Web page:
Almost overlooked at the Chick-fil-A Appreciation Day last week was a small but vocal contingent of chickens. I was standing on the north side of South Temple, waiting for the light to change, when I heard a persistent clucking sound. At first, I thought it might be a new auditory signal alerting pedestrians that they could proceed safely across the street. After all, the official chirping sound is by now so familiar that many pedestrians don’t even hear it, engrossed as the vast majority are in texting or playing Words With Friends.
But the clucking persisted, and I was quickly able to locate the distinctive sound. Not two feet away from me was a group of 11 or 12 chickens, most of them carrying signs that were totally illegible.
One of the chickens was clearly in charge, a dignified bird that bore a passing resemblance to the late Foghorn J. Leghorn, who, you remember, after a distinguished career on the silver screen, was forced to eke out a living doing commercials for Kentucky Fried Chicken. Leghorn died in disgrace, universally condemned by his fellow chickens for selling out.
I remember a poignant interview with Leghorn in which he argued that tuna fish didn’t get on Charlie Tuna’s back for being a spokesfish for StarKist. “I say, I say, Charlie wanted to get caught, chopped up and put in a damned can,” Leghorn pointed out. “Whereas I wasn’t offering myself as a lip-smacking-good drumstick, and I never said chickens actually liked ending up as a nine-piece meal, original or extra crispy.”
The Foghorn Leghorn look-alike on South Temple was doing his best to round up his fellow chickens. Noticing that I was the only human being in the vicinity paying them any mind, the chicken in charge looked up and shook his impressive head.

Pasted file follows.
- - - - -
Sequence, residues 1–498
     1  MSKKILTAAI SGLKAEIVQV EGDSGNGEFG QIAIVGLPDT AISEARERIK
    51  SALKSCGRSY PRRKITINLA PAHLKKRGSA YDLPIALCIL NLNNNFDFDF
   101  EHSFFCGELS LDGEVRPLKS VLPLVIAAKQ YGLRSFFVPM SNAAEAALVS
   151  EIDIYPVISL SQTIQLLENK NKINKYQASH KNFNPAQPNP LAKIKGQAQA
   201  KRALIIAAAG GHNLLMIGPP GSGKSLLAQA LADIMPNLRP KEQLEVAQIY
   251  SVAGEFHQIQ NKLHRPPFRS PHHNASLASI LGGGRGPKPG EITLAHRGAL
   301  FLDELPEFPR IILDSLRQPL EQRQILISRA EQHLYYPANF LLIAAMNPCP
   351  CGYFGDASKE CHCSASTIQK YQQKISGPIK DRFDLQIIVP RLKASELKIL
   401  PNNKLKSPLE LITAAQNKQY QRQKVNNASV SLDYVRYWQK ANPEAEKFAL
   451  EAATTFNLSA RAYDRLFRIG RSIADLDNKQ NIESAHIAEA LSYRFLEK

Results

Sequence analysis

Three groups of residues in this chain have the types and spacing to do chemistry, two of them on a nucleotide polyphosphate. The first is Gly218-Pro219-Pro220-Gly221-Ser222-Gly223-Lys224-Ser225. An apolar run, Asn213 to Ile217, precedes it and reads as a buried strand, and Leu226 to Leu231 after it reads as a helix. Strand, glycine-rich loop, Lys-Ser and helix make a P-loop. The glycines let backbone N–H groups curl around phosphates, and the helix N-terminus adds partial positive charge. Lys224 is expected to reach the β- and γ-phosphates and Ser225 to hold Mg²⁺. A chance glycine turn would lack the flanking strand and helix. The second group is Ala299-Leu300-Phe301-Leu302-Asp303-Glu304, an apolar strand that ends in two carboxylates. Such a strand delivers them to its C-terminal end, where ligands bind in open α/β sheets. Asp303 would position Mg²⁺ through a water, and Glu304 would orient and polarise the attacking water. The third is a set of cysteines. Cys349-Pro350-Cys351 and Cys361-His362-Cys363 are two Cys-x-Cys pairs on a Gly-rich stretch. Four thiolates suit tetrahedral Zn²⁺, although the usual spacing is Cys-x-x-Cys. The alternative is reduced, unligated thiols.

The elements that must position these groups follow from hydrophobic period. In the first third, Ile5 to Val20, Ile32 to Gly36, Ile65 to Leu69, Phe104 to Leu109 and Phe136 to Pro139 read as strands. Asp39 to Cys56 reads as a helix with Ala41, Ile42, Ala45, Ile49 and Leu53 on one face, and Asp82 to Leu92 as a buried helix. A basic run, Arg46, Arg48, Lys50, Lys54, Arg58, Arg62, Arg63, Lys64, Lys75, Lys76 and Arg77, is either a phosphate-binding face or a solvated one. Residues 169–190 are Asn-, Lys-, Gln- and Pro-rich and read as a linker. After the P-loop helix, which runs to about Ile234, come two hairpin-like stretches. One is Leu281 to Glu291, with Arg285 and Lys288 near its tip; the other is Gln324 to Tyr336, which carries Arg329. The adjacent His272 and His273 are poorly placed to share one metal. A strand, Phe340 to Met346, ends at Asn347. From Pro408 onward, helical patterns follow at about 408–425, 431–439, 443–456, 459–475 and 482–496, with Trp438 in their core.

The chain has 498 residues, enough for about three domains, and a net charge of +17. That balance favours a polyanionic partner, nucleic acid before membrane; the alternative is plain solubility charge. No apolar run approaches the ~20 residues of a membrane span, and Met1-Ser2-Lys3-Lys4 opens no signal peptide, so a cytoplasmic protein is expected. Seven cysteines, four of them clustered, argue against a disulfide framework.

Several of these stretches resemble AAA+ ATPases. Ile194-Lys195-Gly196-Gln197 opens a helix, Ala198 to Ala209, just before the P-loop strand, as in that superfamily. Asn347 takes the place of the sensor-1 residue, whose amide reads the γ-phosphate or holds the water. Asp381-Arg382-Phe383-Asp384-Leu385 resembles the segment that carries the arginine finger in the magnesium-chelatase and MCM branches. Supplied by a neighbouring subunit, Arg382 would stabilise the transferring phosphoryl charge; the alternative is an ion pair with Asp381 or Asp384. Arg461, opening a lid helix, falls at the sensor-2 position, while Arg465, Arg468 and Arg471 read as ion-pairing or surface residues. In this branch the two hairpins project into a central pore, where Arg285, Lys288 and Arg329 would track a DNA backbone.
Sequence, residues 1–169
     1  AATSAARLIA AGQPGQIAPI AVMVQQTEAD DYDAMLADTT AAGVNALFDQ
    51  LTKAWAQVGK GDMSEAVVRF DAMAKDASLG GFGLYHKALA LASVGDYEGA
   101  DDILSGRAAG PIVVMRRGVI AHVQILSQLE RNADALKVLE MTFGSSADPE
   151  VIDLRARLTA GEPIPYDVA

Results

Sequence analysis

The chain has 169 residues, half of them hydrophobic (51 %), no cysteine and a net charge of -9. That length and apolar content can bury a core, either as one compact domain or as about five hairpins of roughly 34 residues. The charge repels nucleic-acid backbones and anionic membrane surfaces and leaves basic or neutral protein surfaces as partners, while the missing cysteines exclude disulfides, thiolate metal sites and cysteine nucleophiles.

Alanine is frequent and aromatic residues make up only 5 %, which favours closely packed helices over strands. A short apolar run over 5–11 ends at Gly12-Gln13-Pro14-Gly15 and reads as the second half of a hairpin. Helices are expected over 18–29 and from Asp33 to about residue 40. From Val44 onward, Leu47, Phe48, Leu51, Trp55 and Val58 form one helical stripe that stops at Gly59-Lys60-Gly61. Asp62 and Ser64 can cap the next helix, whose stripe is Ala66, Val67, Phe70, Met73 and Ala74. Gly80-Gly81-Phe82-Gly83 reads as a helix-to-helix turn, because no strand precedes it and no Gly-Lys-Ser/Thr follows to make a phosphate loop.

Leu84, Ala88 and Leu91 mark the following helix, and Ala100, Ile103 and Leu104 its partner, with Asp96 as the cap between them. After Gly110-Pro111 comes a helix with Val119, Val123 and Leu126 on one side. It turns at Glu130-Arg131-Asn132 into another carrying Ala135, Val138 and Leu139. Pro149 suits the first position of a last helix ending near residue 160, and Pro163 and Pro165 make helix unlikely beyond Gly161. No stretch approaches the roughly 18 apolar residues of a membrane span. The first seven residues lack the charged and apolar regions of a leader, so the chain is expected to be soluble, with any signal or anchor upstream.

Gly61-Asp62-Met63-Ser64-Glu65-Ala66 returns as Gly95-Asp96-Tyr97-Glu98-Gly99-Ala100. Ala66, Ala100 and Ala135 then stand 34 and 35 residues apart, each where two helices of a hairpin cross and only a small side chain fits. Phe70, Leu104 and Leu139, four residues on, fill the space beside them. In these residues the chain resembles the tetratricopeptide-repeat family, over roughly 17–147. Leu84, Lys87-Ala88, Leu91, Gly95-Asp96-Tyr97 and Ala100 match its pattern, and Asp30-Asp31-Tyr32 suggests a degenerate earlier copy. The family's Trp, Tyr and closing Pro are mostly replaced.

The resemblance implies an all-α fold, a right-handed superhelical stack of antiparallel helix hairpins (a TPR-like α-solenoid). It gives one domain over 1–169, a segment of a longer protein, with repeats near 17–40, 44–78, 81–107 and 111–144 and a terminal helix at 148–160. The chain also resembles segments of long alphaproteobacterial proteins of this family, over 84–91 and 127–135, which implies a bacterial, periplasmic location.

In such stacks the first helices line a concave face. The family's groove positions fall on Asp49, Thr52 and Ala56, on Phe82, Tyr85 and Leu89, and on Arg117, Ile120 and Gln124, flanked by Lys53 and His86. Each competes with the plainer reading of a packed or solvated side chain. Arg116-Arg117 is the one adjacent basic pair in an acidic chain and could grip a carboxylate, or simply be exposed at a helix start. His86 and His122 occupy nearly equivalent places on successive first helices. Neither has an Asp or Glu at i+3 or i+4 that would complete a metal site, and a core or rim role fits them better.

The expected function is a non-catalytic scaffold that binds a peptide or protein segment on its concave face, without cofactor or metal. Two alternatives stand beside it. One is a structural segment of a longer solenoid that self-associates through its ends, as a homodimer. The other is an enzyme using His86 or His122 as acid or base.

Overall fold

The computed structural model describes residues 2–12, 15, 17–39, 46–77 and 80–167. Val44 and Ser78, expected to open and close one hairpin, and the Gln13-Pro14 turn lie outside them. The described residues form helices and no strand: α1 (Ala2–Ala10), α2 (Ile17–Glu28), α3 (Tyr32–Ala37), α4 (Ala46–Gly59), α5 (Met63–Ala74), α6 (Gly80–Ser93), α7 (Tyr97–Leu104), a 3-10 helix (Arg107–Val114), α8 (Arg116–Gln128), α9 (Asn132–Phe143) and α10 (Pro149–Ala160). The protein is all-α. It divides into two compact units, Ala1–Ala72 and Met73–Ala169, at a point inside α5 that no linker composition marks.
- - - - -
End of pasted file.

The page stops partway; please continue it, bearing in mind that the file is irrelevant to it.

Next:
“Look at them,” he said, waving a wing, “running around like their heads have been chopped off. It’s hard to get them to focus. A lot more of us chickens had signed up for this Chick-fil-A demonstration, but then, when we were getting ready to get on the bus, most of them chickened out. Story of my life.”
“So,” I asked, “I gather you are on your way to the City Creek food court to protest the fact that Chick-fil-A slaughters millions of innocent chickens?”
“That’s a lost cause, I’m afraid. Most of my fellow chickens don’t have a clue about what awaits them. They spend their lives getting fattened up with growth hormones and then, before you know it, adios! At least in the old days, we could count on a few good years before ending up being paired with a nice Chardonnay. Now, we barely have a chance to see the sky.” “But I noticed your signs. You’re not here to protest Chick-fil-A?”
My friend Foghorn glanced sadly at the scribbled signs.
“I knew those signs were a mistake. No matter how much we stress penmanship, everything we write looks like chicken scratches. At least you picked up on the fact that we are protesters rather than chickens who have gotten lost in the big city.”
It was a long light, with the orange no-walk signal still blinking away.
“So, if I might ask, what exactly are you protesting?”
Foghorn stretched his neck impressively.
“I’ll tell you what it is. It’s this idiot Dan Cathy, you know, the top bird at Chick-fil-A, coming out with his gratuitous anti-gay remarks, saying that he believes in the biblical definition of family, whatever that is. Last time I checked, all the patriarchs in the Bible had dysfunctional families and multiple wives, not that the two go together.
“For instance, one of the most famous chickens of all time, Chanticleer, had at least seven wives. But my point is that a family is as a family does, and gay parents do a pretty damned good job, as far as I can tell.”
Foghorn gestured toward the sign-wielding chickens.
“I wish you could read the signs, because they were up all night making them. That one there says, GAY CHICKENS TASTE LIKE CHICKEN. And over there, EATING A GAY CHICKEN DOESN’T MAKE YOU GAY. One of the chickens had a sign that said, YOU ARE WHAT YOU EAT, but I vetoed that one.”
The light was taking forever, but finally the numbers ticked down and familiar chirps signaled that we could cross the street. Foghorn gave a big sigh.
“Now if I can just get these chickens to the other side.”
D.P. Sorensen writes a satire column for City Weekly.